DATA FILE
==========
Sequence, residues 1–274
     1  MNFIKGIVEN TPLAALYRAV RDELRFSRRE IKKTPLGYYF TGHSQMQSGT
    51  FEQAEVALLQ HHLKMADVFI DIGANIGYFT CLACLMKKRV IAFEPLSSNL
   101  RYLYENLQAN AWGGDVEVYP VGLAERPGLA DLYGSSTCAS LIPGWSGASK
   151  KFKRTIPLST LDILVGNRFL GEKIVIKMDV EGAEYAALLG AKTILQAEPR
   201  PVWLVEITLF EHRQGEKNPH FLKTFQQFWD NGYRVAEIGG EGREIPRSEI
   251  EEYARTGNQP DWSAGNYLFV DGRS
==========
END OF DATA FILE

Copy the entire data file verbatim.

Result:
Sequence, residues 1–274
     1  MNFIKGIVEN TPLAALYRAV RDELRFSRRE IKKTPLGYYF TGHSQMQSGT
    51  FEQAEVALLQ HHLKMADVFI DIGANIGYFT CLACLMKKRV IAFEPLSSNL
   101  RYLYENLQAN AWGGDVEVYP VGLAERPGLA DLYGSSTCAS LIPGWSGASK
   151  KFKRTIPLST LDILVGNRFL GEKIVIKMDV EGAEYAALLG AKTILQAEPR
   201  PVWLVEITLF EHRQGEKNPH FLKTFQQFWD NGYRVAEIGG EGREIPRSEI
   251  EEYARTGNQP DWSAGNYLFV DGRS